The Lion's Tale

Simple ways to live sustainably today

Spots+like+the+Yellowstone+National+Park+are+representative+of+the+beauty+of+our+planet%2C+which+it+is+our+duty+to+help+protect.
Spots like the Yellowstone National Park are representative of the beauty of our planet, which it is our duty to help protect.

Spots like the Yellowstone National Park are representative of the beauty of our planet, which it is our duty to help protect.

photo by Ben Robinson

photo by Ben Robinson

Spots like the Yellowstone National Park are representative of the beauty of our planet, which it is our duty to help protect.

Ben Robinson, Opinion Editor

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In honor of Earth Day on April 22nd, here are a few avenues for you to reduce your environmental presence and help preserve the planet.

Make a wind tunnel. How do you stay cool on a hot day without hurting the electricity bill? Open a window and a door on the opposite side of the room, which should create a nice cross breeze between the two openings. If this doesn’t work, just use a fan.

Say no to plastic straws. Plastic straws are unnecessary and ubiquitous, not to mention injurious. Most are too lightweight to make it through mechanical sorters at recycling plants, so they end up in landfills, beaches and oceans. They don’t biodegrade but slowly leach toxic chemicals into the ground and water. The next straw you use could even become Nemo’s dinner. Next time you get a fountain drink, hold the straw, and Nemo will thank you later.

(USA Today Network)

Use permanent containers. Pack your snacks in Tupperware instead of plastic ziplock bags. Try to replace plastic drinking bottles, grocery bags, straws and other unnecessary items with reusable versions.

Eat less meat. It takes 14.6 gallons of water to make a one-quarter pound slab of conventional beef, which includes crop irrigation for 13.5 pounds of feed. Your average patty has a total carbon footprint of 6.3 pounds, which is why livestock farming contributes to 18 percent of human greenhouse gas emissions. You don’t have to become vegetarian to make a difference, though. It just means tipping your diet in favor of more vegetables, fruits, grains, beans and legumes. When you do buy them, choose meat and dairy products from organic, pasture-raised, grass-fed animals.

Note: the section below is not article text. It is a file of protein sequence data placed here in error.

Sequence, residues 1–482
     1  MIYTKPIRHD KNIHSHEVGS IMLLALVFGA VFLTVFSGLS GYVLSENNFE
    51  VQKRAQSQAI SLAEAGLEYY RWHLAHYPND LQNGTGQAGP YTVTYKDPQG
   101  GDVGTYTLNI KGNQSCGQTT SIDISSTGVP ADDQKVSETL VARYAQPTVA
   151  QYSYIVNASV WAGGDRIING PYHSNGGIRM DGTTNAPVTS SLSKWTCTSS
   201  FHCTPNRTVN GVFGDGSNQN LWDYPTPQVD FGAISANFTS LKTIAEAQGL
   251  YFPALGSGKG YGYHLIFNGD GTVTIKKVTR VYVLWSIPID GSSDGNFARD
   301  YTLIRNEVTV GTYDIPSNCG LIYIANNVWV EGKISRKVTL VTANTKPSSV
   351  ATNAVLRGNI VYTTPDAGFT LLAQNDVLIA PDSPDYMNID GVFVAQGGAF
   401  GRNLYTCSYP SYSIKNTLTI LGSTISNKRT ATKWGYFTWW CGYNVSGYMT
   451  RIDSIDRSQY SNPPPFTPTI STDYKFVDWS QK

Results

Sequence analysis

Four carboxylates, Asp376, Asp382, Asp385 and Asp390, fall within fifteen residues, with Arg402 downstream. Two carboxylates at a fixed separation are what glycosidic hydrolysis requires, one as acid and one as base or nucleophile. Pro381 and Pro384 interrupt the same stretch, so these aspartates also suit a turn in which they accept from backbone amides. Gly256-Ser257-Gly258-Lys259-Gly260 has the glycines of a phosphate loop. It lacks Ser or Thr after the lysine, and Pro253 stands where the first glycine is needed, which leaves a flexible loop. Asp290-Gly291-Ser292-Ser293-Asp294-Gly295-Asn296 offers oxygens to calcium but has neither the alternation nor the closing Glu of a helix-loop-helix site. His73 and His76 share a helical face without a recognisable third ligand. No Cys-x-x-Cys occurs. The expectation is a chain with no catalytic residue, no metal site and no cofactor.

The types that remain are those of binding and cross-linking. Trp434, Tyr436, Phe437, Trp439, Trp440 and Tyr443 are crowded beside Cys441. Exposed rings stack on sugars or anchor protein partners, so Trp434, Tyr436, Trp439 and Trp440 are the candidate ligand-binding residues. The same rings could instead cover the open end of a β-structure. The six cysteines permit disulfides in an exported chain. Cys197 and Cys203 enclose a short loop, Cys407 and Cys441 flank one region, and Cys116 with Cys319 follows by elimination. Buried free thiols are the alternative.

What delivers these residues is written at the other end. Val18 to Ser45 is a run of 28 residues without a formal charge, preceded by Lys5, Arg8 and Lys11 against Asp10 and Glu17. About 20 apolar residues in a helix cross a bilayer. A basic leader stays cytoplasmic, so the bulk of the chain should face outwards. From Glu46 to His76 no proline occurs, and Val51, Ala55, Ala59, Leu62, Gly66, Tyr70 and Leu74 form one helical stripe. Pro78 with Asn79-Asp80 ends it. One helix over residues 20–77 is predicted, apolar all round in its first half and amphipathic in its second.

(Journal of Animal Science and Animal Welfare)

Eat local produce. Ask your parents to buy fruits and vegetables that are in season, as those are more likely to be locally grown. Non-seasonal foods carry a large carbon footprint because they must be shipped in from far away states and countries. Local food is usually fresher, healthier and tastes better anyway because it spends less time in transit from farm to plate.

Carpool more. Make a carpool schedule with friends to save energy on your morning commute. Also, walk or ride your bike instead of driving when traveling short distances. Consider investing in a scooter, or Heelys perhaps (although these shoes are not allowed in school).

Stand up for the environment. Call out your friends when they litter. Contact local businesses and question their harmful practices. Run for Congress and lobby for environmental regulations once elected. Organize a cleanup of your local park. Whatever you do, never stop advocating for our planet. After all, the Earth does not belong to us; we belong to the Earth.

Avoiding plastic straws or biking to the store won’t save the world on its own. As we’ve seen with issues like public smoking, though, when people start thinking about their habits and make small changes, they can bring about shifts in consciousness that lead to wider societal changes. Therefore, our small efforts to improve the environment go a long way towards making Earth healthier and a more inhabitable place.

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